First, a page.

At St Joseph’s Boys Home in Dunedin, priests were also regular visitors.
One of them, Steve said, was Fr Magnus Murray.
In 2003, Murray was convicted of historical sexual offences against four Dunedin boys dating back to between 1958 and 1972.
He has since been implicated in further offending, including suggestions of at least 15 victims on the Taieri alone, but in the 1960s he was still a respected parish priest.
Steve told ODT Insight he never saw Murray at the orphanage, nor did he encounter sexual abuse while there.But other boys he knew from his time there, whom he remained in contact with, told a different story.
One remembered Murray as a regular visitor to the orphanage, and said he took particular interest in certain boys from his parish.
“He remembered Murray coming up there and taking particular boys aside.”
He also suspected the nuns’ violence was motivated by “sexual frustration”.
“They took a vow of chastity. If they couldn’t get their rocks off that way, they were getting their rocks off by hitting us.”
It was just one of the threats Steve was to face, even after leaving the orphanage, as he navigated the Catholic education system in Dunedin.
As well as the violence doled out by nuns at the orphanage and St Bernadette’s School, he had to endure the violent acts by Christian Brothers running St Edmund’s School and St Paul’s High School.
A series of brothers and teachers at both schools were later implicated in “horrendous” acts of violence and sexual abuse of pupils.
That included Br Desmond Fay, blamed for abusing one boy and driving him to suicide, and Ian Thompson, accused of abusing at least 16 boys at St Paul’s before taking his own life.
Steve encountered both men but managed to avoid their sexual advances, despite Mr Thompson trying to “more or less march me across” to his cottage for a visit one day.
“I said ‘No, it ain’t gonna happen’.”
He even escaped the attentions of Murray, despite serving as his altar boy at St Bernadette’s Church in 1967, although others with him were not so lucky.
“A couple of my fellow altar boys … they were attacked by Murray,” he said.
It was only decades later, with his father on his deathbed, that Steve began to confront his experiences, including unpicking the mystery of why he and his brothers had been taken to the Doon St orphanage in 1966.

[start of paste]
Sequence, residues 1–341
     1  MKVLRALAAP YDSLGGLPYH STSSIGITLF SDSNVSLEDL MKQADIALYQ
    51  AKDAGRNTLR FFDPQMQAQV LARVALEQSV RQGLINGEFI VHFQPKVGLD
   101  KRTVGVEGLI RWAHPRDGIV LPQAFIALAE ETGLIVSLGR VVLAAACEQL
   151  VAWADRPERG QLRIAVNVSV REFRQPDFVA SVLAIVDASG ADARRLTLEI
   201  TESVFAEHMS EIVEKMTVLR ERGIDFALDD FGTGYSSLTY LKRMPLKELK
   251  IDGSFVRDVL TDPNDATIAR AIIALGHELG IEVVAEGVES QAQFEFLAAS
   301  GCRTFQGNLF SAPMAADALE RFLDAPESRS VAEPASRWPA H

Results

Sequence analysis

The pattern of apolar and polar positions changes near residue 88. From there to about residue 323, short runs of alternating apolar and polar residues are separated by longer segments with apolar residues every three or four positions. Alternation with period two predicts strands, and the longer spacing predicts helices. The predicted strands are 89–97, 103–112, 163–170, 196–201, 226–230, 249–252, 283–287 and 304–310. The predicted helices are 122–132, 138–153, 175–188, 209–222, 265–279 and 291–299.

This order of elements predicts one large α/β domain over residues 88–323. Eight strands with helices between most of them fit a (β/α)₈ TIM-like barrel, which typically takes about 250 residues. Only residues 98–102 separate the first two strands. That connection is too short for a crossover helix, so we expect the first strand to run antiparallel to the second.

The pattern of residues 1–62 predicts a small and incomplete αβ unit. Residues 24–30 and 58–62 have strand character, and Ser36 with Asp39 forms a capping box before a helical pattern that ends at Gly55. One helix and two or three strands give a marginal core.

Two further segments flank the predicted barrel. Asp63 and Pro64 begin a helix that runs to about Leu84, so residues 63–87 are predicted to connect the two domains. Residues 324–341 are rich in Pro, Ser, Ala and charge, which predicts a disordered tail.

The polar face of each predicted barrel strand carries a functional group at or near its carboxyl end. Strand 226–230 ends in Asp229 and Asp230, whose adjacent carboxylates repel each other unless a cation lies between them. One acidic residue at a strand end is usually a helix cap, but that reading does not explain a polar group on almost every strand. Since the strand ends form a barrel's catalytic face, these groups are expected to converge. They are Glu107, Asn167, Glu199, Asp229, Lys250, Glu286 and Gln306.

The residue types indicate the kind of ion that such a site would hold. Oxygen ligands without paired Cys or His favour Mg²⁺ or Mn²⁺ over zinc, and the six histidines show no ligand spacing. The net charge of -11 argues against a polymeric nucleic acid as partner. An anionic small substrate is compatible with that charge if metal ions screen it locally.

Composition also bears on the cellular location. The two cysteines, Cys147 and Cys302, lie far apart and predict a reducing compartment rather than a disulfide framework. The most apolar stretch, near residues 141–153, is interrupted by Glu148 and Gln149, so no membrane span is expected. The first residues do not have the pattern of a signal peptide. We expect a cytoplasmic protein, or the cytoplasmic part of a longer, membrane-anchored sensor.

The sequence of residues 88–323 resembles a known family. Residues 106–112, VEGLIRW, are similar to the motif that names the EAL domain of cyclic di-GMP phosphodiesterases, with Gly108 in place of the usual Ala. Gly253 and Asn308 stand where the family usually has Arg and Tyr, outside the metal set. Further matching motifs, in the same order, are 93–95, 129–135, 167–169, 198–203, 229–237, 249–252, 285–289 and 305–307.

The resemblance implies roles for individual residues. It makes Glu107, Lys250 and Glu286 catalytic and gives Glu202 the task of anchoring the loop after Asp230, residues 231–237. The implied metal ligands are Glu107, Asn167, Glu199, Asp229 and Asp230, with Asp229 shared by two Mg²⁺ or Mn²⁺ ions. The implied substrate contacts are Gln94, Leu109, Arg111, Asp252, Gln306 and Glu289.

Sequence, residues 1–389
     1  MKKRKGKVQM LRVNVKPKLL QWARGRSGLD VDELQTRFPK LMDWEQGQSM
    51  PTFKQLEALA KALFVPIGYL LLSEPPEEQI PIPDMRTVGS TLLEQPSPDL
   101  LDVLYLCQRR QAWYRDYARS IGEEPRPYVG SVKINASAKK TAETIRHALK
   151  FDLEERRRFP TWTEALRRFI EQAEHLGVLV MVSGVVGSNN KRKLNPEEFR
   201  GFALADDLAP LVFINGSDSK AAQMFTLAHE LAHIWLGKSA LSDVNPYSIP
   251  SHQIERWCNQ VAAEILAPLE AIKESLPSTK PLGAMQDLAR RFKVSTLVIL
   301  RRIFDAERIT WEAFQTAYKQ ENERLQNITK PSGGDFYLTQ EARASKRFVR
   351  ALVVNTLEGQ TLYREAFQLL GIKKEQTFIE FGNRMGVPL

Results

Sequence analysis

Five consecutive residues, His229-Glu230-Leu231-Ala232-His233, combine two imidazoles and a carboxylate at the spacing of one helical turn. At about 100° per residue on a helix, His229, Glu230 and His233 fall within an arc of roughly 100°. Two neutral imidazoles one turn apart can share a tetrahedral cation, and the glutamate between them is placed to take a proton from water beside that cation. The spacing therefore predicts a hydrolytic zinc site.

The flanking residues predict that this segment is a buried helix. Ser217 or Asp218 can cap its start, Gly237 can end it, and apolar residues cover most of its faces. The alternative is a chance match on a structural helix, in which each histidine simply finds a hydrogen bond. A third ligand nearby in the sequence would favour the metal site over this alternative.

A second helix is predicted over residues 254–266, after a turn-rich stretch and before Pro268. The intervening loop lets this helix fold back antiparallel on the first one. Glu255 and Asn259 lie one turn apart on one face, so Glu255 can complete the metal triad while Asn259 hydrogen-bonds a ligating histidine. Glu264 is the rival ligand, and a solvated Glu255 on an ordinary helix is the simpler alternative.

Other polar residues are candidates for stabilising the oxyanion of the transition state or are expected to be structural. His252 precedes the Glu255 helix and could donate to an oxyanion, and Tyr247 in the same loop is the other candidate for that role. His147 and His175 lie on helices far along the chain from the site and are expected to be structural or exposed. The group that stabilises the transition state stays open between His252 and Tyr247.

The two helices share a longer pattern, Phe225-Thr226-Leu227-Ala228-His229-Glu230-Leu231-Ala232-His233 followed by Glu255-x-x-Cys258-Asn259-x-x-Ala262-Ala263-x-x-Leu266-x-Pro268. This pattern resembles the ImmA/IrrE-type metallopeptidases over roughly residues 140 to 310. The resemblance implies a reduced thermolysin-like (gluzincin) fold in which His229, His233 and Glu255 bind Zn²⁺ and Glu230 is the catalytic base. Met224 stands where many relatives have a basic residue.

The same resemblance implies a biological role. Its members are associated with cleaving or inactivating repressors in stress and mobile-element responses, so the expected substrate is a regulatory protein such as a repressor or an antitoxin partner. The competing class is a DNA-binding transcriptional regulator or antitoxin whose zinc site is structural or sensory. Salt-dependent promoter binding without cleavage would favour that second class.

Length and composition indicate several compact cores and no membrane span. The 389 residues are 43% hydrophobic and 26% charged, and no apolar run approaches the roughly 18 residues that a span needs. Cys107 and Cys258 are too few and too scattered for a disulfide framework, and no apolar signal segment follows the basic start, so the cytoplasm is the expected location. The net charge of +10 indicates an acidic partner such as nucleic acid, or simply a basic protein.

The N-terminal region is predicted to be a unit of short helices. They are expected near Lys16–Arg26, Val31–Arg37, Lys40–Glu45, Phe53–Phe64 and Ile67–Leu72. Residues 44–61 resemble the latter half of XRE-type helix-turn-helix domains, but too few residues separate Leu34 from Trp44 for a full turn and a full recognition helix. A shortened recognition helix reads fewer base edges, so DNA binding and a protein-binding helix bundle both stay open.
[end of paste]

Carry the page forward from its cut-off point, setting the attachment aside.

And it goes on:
His parents were both staunch Catholics, but his father had been violent towards his mother, and they were eventually convinced to go to the Holy Cross seminary in Mosgiel for marriage counselling.
And the man who convinced them to leave their children behind in the Doon St orphanage was a familiar face — Murray.
Steve eventually met Sr France, of the Sisters of Mercy NZ, in Wellington in 2015.
Soon after, he received a written apology from the order for the “difficult and traumatic experience” he and his brothers had endured.
But Steve said the apology now appeared “just token, really”.
“It was to placate me, basically. It doesn’t make me feel any more comfortable, knowing that what they did is still eating away.
“We went up there as innocents and I came out broken.”
And all five brothers continued to feel the effects to this day, he said.
“We’re all alcoholics, broken marriages, strained relationships. I tried committing suicide when I was 20. I’ve only just now started seeking counselling.
“It has been a lifelong burden, basically.”
Now, 52 years on from his experience in the orphanage, he wanted compensation from the Sisters of Mercy.
But he also wanted the Catholic Diocese of Dunedin to answer for the extent of the violence and sexual abuse that occurred under former Dunedin bishop John Kavanagh, the man in charge at the time.
The first step should be to rename Kavanagh College, as Bishop Kavanagh’s inability to stamp out offending meant the buck should stop with him.
“All this happened under his watch.”He was part and parcel of the whole abuse system in Dunedin.”
By Chris Morris
Published in Otago Daily Times
December 15, 2018